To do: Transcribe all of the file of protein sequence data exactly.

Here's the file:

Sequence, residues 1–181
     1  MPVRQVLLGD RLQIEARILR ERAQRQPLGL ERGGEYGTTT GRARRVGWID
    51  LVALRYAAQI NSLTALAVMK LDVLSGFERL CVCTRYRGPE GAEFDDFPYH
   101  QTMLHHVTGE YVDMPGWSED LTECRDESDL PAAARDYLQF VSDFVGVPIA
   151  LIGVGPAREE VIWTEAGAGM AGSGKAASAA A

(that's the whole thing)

Sequence, residues 1–181
     1  MPVRQVLLGD RLQIEARILR ERAQRQPLGL ERGGEYGTTT GRARRVGWID
    51  LVALRYAAQI NSLTALAVMK LDVLSGFERL CVCTRYRGPE GAEFDDFPYH
   101  QTMLHHVTGE YVDMPGWSED LTECRDESDL PAAARDYLQF VSDFVGVPIA
   151  LIGVGPAREE VIWTEAGAGM AGSGKAASAA A